The scandal here, in this account, is for Jesus to proclaim forgiveness as the one doing the forgiving! If you’ve followed the story of the Gospel thus far, Jesus has expelled a demon,6 he’s healed a woman with a fever7 and he’s healed a leper.8 Many others have been healed as well. When they lower the paralyzed man everyone is expecting Jesus to say, “Your faith has made you whole. You’re healed.” However, Jesus says, “Your sins are forgiven.” I’m sure the room got very quiet.
The religious leaders were present and checking Jesus out, trying to understand what he was all about. They responded, “Wait one minute! Who is this guy, saying he can forgive sins?” But Jesus loves to answer questions with questions. So he replies, “Why are you thinking these things? Which of these things would be easier: to say, ‘Your sins are forgiven,’ or to tell the paralytic to stand up and walk’?”
These guys are asking the question in their mind and we’re told Jesus knew in his spirit what they were thinking in their hearts. This is unique and it is consistently testified in all four Gospels. This is not just reading moods or body language, but a manifestation of knowledge that only a divine person could have; the sort of searching knowledge of human thoughts and motives that allows God to know us as we are and to judge us with absolute integrity. It’s amazing the insight Jesus carries into each of us.
What Jesus did at this point was even more outrageous. To teach with authority was outrageous; to claim to forgive sins was taking it up a notch. The teachers of the law recognize this as blasphemy and they are exactly right. For Jesus to proclaim forgiveness, when he is only a man, would be blasphemy for “only God can forgive sins.” This probably seemed particularly scandalous when proclaimed to a man who was “cursed” with a disease and was not repenting in any visible way, but merely showing his confidence in Jesus to heal him. To these legalists, only proper sacrifice and acts of repentance held out any hope of forgiveness. To give forgiveness simply by a word was to act in the prerogative of God alone.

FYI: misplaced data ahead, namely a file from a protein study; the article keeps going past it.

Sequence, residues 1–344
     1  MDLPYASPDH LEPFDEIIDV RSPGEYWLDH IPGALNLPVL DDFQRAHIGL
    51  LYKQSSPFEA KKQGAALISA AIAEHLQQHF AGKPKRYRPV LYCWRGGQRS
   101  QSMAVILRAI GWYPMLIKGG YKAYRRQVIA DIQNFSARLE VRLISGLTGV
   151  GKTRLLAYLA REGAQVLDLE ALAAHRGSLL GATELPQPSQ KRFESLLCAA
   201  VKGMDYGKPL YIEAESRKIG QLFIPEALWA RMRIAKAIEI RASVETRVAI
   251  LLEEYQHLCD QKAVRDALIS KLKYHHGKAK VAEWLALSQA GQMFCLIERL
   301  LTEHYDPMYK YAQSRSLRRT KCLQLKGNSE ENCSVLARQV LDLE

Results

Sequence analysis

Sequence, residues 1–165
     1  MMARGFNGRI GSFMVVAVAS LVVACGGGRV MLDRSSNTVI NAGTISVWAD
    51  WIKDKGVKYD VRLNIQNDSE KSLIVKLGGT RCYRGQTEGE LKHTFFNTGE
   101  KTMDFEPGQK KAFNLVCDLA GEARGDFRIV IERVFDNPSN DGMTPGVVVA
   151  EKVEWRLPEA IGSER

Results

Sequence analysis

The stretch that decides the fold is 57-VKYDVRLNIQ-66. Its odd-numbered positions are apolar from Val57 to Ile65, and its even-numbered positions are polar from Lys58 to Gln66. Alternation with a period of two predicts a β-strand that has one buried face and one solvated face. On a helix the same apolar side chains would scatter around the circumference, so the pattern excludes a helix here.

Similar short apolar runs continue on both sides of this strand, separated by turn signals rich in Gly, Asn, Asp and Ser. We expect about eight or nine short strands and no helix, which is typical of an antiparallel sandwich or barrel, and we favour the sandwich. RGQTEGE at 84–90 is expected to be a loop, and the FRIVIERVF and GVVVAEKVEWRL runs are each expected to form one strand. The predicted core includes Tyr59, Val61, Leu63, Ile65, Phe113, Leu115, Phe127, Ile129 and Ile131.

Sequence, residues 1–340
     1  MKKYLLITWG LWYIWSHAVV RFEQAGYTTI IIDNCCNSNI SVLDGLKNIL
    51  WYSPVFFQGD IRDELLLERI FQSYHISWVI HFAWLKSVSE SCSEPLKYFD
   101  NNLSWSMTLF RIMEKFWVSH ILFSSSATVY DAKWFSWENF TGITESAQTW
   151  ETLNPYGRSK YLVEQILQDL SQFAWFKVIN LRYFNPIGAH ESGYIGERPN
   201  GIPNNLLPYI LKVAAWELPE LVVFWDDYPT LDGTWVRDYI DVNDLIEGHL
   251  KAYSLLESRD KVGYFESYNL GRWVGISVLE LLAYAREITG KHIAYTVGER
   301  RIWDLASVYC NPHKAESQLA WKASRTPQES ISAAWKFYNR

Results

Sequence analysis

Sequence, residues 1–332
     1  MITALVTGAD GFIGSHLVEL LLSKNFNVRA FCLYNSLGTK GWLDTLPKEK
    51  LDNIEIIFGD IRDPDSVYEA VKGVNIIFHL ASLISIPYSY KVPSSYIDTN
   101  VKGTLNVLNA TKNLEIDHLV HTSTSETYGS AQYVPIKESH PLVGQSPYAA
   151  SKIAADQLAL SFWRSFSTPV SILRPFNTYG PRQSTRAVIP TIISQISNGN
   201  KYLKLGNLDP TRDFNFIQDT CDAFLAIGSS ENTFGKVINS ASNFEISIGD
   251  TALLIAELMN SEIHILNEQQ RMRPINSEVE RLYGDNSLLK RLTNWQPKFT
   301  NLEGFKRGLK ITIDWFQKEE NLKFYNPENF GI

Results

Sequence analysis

Jesus, if we properly understand him, is always leaving us no choice but to interpret his words and actions as either 1) insane, 2) calculatingly evil, 3) blasphemous or 4) consistent with the confession that Jesus is the Son of God. This is not something Christians have created and assigned to Jesus. It is essential to knowing how he understood and presented himself.9 From the very beginning, Jesus’ identity as divine was essential to everything the Christian message teaches and proclaims. Any version of Christianity that ignores this is a modern reworking.10
Not only that, but Jesus combines his authority to heal with his proclamation to forgive sins. These simple words of forgiveness are easy for anyone to utter, but who can demonstrate the integrity of such a claim by healing a paralyzed man on the spot? Jesus makes the religious leaders’ objection absurd because, with the same word that he heals, he also forgives sin. For Jesus, there is no limitation on his authority in any area of life. He can speak to sin, to disease, to demonic oppression, to guilt, to self-hatred – to anything that holds us in bondage – and set us free and make us whole. The meaning of salvation is always holistic in real Christianity. We look to Christ’s work to be applied in every area, according to God’s working through the Spirit and in history. Anyone who ministers in Jesus’ name is doing God’s work – no matter what area of human existence they are working in: social work, medical missions, evangelism, education, counseling. All include the authority of the Kingdom working out in human relationships and experience.